Why Do My Windows Fog in the Winter?
It’s a familiar scene during winter. You walk to your car to find the windows are all fogged up or iced over. You grab the ice scraper and get to work, or perhaps you hit the defrost button and patiently wait as the fog dissipates.
But what to do when your home windows fog up? There’s no defrost button that you can hit to get rid of the cloudy condensation. Not to worry. Entek has seven decades of experience in the industry and our certified HVAC professionals understand how to improve a home’s air quality. We’ll explain exactly what causes windows to become foggy and just how to fix the problem.
The good news is that while foggy windows may seem to be an inconvenience, they are a way for you to confirm that your energy-efficient home windows are working. The first thing to understand is that home windows fog up for the same reason that car windows do. When warm moisture comes into contact with a cold surface, condensation occurs. Moisture can be produced in your home in a variety of ways — from normal breathing to everyday activities like cooking and taking a shower.
Your energy-efficient windows are preventing that moisture from escaping your home, thereby lowering your heating and cooling costs. And since windows and window metal frames are often the coldest surfaces in our home, it’s the place where the condensation is most likely to form.
However, if you see condensation form between the panes of glass rather than on the outside surface, it’s a sign that your windows are not working and you may need to consider upgrading to newer, energy-efficient ones.
So now that you understand how and why the fog occurs, what can you do to fix it? There are a number of solutions, but one of the simplest steps you can take is to regulate the thermostat temperature in your home.
Maintaining your home’s thermostat at a constant temperature helps prevent condensation from forming on the windows. One way to ensure that your home stays at a constant temperature is by using a programmable thermostat. Programmable thermostats will control your thermostat temperature even when you’re away so you won’t have to constantly monitor it.
For most homeowners, this quick fix will do the trick. However, if you notice the problem persists, you may have a more serious issue that requires further attention. In order to correct this, you’ll want to reduce moisture levels and raise the temperature of your home’s window glass. So how exactly do you do that?
Condensation forming on your windows is likely a sign that there are high humidity levels in your home. You should monitor the level of humidity and adjust it accordingly. The correct humidity level for your home will depend on a number of factors including the outside air temperature, the inside air temperature, and your particular window type.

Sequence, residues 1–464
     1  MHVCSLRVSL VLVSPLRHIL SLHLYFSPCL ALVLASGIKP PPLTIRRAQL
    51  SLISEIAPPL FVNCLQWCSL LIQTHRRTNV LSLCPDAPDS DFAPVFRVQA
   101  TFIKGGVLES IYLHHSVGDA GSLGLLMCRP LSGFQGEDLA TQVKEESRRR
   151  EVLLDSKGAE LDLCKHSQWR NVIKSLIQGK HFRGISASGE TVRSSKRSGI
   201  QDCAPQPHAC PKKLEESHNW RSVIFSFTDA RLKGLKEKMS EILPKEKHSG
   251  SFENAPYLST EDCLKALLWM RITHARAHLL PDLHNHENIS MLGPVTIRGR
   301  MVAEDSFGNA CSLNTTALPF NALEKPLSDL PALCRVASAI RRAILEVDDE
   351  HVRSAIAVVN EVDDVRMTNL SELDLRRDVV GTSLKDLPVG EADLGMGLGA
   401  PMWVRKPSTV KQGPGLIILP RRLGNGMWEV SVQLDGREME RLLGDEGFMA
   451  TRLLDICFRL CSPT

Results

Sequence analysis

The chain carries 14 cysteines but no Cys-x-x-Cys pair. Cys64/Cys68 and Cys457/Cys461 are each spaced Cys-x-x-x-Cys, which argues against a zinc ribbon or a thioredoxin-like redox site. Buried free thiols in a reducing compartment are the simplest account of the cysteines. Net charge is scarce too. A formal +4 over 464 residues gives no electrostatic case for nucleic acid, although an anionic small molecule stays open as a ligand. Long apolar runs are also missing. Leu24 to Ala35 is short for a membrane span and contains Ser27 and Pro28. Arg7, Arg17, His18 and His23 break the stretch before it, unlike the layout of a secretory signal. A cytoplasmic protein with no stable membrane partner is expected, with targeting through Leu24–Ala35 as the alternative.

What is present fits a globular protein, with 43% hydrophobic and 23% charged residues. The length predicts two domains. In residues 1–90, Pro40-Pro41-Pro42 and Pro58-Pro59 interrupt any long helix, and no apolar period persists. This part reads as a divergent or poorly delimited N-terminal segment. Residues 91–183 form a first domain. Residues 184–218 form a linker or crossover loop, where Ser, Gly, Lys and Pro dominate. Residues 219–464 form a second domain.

For example, if you have double-glass windows, an interior home temperature of 70 degrees, and an outdoor air temperature of 20 degrees, you should have a humidity level no greater than 40%. That percentage will drop as the outdoor air temperature drops. However, if you have energy-efficient windows, the glass temperature will be warmer and your humidity level can be higher. If you have a humidifier, be sure to check it regularly to make sure it’s not adding too much moisture to your home.
You’ll also want to make sure your home is properly ventilated. As mentioned, there are several moisture sources in your home such as bathing, showering, and cooking. You’ll want to make sure that you’re running the ventilation fans in each of these rooms. If you step out of a hot shower, you may notice that the bathroom mirror has steamed up. Running the fan will help to prevent this. Likewise, running the exhaust fan in your home’s kitchen will help to ventilate that room as well. Both of these are examples of what is known as point-source ventilation, removing moisture in your home at specific sites.
Occasionally, however, you’ll also need to ventilate the structure of your home. You can do this through your home’s attic. First, go up to the attic and take a look around. You should be able to see vents in the roof of the attic or in the eaves. If you do not see any, you’ll need to add some. You should also notice an absence of moisture such as mildew or ice crystals. If you do happen to see that mildew or ice crystals are present, you may need to contact a professional to determine if your home needs better ventilation. At Entek, our certified professionals will assess your home’s air quality and ventilation to prevent negative impacts on your health and improve your home’s energy efficiency.
It’s fairly normal for windows to fog up in the winter, especially in newly constructed homes that are designed to be energy-efficient. However, if you notice a persistent problem with foggy windows, you’ll likely want to contact a professional to see if it’s time to order replacements. Energy-efficient windows will help lower your electric bill by reducing your home heating and cooling costs. For some good tips on how to select the right type of energy-efficient windows, look here.
While foggy windows by themselves aren’t cause for concern, a persistent problem can cause mold, mildew, and even structural damage to your home. If you believe your windows aren’t operating properly, air quality experts can assess your home and make recommendations that will improve your comfort, health, and energy efficiency. We’ll provide the proper solution for defogging your windows so that you can simply sit back, relax, and enjoy your new clear view.